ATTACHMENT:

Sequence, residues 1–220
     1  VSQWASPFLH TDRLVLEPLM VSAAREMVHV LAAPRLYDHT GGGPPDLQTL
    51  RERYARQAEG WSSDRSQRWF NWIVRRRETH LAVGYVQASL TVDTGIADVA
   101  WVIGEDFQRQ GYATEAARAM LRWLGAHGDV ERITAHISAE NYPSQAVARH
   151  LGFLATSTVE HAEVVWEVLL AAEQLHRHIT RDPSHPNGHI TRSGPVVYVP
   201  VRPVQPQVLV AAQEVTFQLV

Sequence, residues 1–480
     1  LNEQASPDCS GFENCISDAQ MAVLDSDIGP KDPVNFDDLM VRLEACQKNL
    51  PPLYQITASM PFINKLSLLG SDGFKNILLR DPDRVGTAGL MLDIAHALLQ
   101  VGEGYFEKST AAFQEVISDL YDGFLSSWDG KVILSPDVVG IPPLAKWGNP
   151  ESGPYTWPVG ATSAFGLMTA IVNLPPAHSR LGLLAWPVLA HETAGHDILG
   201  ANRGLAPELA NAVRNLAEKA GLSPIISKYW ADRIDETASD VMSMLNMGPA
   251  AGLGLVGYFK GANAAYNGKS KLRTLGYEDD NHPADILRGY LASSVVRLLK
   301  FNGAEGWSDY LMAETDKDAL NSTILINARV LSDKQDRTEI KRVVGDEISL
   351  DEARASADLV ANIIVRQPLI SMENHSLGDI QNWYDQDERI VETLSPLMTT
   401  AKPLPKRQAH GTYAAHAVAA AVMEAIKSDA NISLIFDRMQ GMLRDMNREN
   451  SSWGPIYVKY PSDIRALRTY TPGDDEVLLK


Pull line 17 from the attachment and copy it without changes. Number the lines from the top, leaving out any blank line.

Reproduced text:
   451  SSWGPIYVKY PSDIRALRTY TPGDDEVLLK